Since Friday's post was about neighborhood walkability, I thought maybe today, I'd talk about just the opposite.
The Virginia Transportation Board is creating new rules regarding Cul-de sacs. Like many suburban neighborhoods, many of Washington DC's suburban neighborhoods in Vriginia rely heavily on cul-de-sacs in their design. People in neighborhoods say they love the, because the lack of through traffic makes them save kids to play, and also help deter crime.
However, the flip side of cul-de-sacs is that it puts a lot of pressure on through streets because they become heavily travelled because all of the cul-de-sac streets feed into them. Because every trip that anyone takes from these neighborhoods requires entering out on the main road (work commutes, picking up kids from school, short grocery store trips), these roads become quickly congested and often require widening.
Because of this, recently, the US Census Bureau reported that the longest average commute in the country was in suburban Washington -- largely due to the overcrowding on jammed streets all fed by cul-de-sacs. This has also affected public safety as fire trucks and ambulances are getting caught in the congestion and have no back roads to turn to to get to their destinations earlier.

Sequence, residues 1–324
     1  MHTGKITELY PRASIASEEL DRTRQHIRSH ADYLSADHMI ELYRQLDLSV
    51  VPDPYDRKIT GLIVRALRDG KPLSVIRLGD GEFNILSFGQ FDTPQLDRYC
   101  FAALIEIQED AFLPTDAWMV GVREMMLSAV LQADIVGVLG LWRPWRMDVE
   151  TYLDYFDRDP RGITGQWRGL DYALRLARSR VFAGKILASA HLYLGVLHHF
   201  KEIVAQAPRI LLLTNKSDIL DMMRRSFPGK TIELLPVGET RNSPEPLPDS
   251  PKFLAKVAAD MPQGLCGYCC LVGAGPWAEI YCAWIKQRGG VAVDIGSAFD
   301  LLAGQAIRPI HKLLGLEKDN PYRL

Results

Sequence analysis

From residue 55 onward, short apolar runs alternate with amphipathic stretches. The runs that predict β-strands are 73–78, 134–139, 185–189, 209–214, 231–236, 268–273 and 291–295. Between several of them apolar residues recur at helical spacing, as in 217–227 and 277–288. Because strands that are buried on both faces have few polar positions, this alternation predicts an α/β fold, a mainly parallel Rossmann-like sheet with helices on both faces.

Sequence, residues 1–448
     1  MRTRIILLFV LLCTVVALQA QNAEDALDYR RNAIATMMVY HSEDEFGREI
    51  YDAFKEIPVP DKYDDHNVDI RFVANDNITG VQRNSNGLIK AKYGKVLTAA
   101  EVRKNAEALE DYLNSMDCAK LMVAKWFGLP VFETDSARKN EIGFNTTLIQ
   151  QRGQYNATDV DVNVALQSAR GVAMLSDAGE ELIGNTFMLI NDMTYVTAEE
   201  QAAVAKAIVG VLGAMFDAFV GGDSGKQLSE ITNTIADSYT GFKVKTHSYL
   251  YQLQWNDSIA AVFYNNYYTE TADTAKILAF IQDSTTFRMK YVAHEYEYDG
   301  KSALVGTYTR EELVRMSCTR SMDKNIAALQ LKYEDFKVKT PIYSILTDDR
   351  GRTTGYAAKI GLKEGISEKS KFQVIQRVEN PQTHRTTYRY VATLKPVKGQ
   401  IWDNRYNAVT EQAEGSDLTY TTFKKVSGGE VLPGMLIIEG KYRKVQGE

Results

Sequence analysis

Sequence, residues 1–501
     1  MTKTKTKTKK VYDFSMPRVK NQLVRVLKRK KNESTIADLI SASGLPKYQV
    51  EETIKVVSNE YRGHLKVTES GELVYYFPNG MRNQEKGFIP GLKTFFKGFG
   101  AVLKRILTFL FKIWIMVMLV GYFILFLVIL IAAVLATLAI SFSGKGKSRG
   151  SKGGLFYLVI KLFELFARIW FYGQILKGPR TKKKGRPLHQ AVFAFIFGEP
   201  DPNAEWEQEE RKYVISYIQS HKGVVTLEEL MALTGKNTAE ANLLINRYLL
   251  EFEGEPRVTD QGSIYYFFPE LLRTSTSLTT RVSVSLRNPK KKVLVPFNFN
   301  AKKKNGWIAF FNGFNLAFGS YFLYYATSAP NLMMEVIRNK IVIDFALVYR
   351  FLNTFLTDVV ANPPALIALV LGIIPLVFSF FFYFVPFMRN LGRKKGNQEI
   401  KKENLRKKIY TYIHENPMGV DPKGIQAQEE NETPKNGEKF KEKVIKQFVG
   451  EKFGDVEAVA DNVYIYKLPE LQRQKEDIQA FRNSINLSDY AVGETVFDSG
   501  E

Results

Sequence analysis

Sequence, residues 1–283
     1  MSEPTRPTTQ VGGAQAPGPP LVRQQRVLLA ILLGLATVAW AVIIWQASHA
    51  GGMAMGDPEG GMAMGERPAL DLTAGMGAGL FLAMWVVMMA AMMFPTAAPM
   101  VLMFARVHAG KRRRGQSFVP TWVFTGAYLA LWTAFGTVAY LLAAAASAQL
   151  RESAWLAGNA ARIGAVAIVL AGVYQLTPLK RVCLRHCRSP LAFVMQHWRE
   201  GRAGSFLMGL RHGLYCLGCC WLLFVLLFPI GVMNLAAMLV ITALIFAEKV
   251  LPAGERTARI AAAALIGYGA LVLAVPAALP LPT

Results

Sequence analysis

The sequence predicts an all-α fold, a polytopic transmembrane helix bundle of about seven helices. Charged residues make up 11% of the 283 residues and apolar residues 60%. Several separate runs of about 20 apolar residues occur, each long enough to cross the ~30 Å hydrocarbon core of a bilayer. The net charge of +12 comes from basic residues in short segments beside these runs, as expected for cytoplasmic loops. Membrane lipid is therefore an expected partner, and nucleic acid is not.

"When interstates got built and we all started driving cars, our development patern scattered. Rather than building grid streets, we built a main spine and everything came off of it," said Suffolk County City Council Member E. Dana Dickens. "Offices, houses, stores were separated. You put all your traffic on one main road and you choke everything off."
So the state is stressing that future developments that are more open, more walkable, and more pedestrian and bike-friendly. Where people can make a trip to their local grocery stores, schools and parks, without getting onto the main road. They are making these roads narrower to slow down traffic and to reduce storm water runoff -- and to save on maintenance costs. The idea is that long-term, they can reduce traffic, reduce pollution, and save money devoted to paving and plowing the roads.
"When you have 350 to 400 miles of new roads you have to maintain forever, it's a budgetary problem," said Virginia Governor Timothy M. Kain.
When it comes to development of newer neighborhoods, are we using the best in current thinking for land use and designing neighborhoods? Or are we still using 1960s ways of thinking about how we move people in our cities?